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Martian Dust Storm Could Destroy NASA Rovers

A giant dust storm that now covers nearly the entire southern hemisphere of Mars could permanently jeopardize the future of the Mars Exploration Rovers mission, officials told SPACE.com Thursday.

The new and potentially bleak outlook is a stark shift from the prognosis earlier this week. Michael Malin of Malin Space Science Systems said in e-mail interview that a smaller, second dust storm has recently appeared on the Red Planet, further compounding the threat to the rovers.

The largest dusty squall has reduced direct sunlight to Mars' surface by nearly 99 percent, an unprecedented threat for the solar-powered robotic explorers.

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If the storm keeps up and thickens with even more dust, officials fear the rovers' batteries may empty and silence the robotic explorers forever.

"This is a scary storm," said Mark Lemmon, a planetary scientist at Texas A&M University and member of the rover team. "If it gets any worse, we'll enter into some uncharted territory. There's been a lot of discussion about what we're going to do if (the rovers) don't have enough power to run during the day."

The storm, first reported by SPACE.com, hasn't yet reached global proportions, but the dust levels are the thickest the rovers have ever experienced.

Lemmon said the conditions rival Mars' global storm of 2001 and an earlier one in 1971.

"This thing has been breaking records the past few days. The sun is 100 times fainter than normal," he said. "We're hoping for a big break in the storm soon, but that's just a hope."

Double dusty trouble

In exactly two weeks, the larger dust storm ballooned from a small 230,000 square miles (600,000 square km) to its present size at nearly 7 million square miles (18 million square km), Malin explained.

In just a few days, however, its smaller counterpart has emerged as a 3-million-square-mile (7.7-million-square-km) dust bowl.

Together, they cover an area larger than the United States, Canada and Greenland combined.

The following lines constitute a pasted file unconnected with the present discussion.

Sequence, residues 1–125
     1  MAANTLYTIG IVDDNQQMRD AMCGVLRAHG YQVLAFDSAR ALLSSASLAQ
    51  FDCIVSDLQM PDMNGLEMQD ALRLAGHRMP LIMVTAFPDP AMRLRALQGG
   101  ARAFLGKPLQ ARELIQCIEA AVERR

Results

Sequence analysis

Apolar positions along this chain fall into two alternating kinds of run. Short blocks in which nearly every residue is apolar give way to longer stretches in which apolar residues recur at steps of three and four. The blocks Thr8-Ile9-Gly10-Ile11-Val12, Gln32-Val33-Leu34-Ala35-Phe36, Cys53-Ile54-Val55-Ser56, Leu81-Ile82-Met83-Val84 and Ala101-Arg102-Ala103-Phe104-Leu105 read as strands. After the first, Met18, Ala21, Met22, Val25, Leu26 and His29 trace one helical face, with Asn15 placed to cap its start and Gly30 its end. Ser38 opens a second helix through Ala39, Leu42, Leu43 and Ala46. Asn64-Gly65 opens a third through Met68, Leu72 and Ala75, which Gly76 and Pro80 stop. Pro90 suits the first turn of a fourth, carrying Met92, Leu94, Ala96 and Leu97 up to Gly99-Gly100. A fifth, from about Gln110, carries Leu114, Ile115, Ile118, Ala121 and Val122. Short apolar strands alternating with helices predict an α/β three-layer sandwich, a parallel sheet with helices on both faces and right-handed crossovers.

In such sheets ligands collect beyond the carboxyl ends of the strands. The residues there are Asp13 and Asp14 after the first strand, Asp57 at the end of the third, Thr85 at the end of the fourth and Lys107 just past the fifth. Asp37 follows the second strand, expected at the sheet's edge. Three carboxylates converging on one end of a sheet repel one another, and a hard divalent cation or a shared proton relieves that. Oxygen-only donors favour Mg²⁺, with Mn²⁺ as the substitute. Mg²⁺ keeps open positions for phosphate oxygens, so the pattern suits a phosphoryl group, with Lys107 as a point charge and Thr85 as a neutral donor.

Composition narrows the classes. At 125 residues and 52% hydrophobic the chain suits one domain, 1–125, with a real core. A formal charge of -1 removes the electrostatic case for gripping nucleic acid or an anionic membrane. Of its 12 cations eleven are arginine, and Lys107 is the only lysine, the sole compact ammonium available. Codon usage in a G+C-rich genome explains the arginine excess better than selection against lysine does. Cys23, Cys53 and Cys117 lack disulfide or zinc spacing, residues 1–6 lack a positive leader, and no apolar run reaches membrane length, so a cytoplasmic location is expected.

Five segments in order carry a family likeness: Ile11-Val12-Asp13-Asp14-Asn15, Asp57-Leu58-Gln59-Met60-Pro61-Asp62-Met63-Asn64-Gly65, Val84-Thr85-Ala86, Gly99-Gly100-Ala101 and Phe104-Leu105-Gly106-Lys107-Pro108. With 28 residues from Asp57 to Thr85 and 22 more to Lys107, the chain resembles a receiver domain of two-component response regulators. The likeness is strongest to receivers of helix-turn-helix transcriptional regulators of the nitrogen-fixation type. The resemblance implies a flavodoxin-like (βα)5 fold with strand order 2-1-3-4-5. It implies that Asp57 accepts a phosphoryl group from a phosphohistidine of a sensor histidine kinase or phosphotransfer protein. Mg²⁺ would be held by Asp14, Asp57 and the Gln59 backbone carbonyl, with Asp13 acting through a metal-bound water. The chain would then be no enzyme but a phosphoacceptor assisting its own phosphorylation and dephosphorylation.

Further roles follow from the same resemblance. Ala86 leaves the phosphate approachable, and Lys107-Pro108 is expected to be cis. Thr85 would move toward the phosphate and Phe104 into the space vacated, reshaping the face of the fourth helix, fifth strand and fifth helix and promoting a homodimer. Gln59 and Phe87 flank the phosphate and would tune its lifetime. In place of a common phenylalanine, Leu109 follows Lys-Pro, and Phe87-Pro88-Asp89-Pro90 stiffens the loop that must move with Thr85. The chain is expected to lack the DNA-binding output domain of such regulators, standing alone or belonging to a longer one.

"These large dust events are not a single storm, but are actually made up of a number of local and regional-size dust storms," Malin said.

By kicking up enormous amounts of dust, they generate giant dust clouds that can obscure the planet's surface. Once the dust is lifted, he noted, the atmosphere warms and can feed the dust-churning events.

The Mars Exploration Rover (MER) team would be more concerned than at present, Lemmon noted, but early in the storm's genesis, windy conditions swept off light-blocking layers of dust from Spirit and Opportunity.

Caused by Martian dust devils and steady wind, the "cleaning events" doubled the rovers' power to around 800 watt-hours last week and boosted hopes of Opportunity's planned descent into Victoria Crater.

As the small storm gathered fury, however, Opportunity's energy-gathering ability has been slashed to a dangerous 280 watt-hours — enough power to light only three 90-watt light bulbs.

"The worst-case scenario is that enough dust in the sky decreases solar energy to the point that we have to shut down too many things to save power," Lemmon said. "The rovers keep their battery alive by keeping their electronics alive."

John Callas, project manager for the MER mission at NASA's Jet Propulsion Laboratory in Pasadena, Calif., explained that a dead rover battery could allow cold temperature to maim Opportunity's electronics.

"It's like leaving your laptop out in an Antarctic winter," Callas said. "Soldered joints in the electronics can contract due to thermal contraction. If a rover gets too cold, something essential will fail."

Callas explained the situation is unprecedented, so the team isn't certain how much more light-blocking dust the rovers — especially Opportunity — can take.

Fast and furious

Callas said the storm's growth rate was shocking.

"The rovers have weathered weaker storms in the past, which developed over the course of weeks, but nothing like this. This thing came out of nowhere," he said. "The dust levels just skyrocketed."

John Wilson, a planetary scientist who studies Mars' atmosphere at the National Oceanic & Atmospheric Administration in Princeton, N.J., says the topography of Mars' southern hemisphere is probably to blame.

"The southern hemisphere, on average, is about 4 km (2.5 miles) higher than the northern hemisphere, which helps dust storm formation go global," Wilson said, explaining that Earth experiences a similar storm-fueling phenomenon near India.

"Tibet is high in regards to mainland India, and so its height helps intensify the Indian monsoon," he said, by generating windier conditions at lower elevations.

"Although the storm threatens the rovers, it's giving us a great opportunity to track another powerful dust storm from start to finish," Wilson said. "We get to see where a storm starts and how it grows, then enter that information into a model to help us predict Martian weather in the future."

Callas noted that global dust storms spawn about every three Martian years (about six Earth years), and the last to occur was about two Martian years ago — so the current storm's potential to become a global event is on cue.

If it does, Callas and his team will only be able to cross their fingers.

"The reality of the situation is that we're limited as to what we can do from the ground by cutting power use," Callas said. "If it continues to worsen and stay that way, it's a survivability issue for Opportunity. If Mars wants to kill the rovers, it can."

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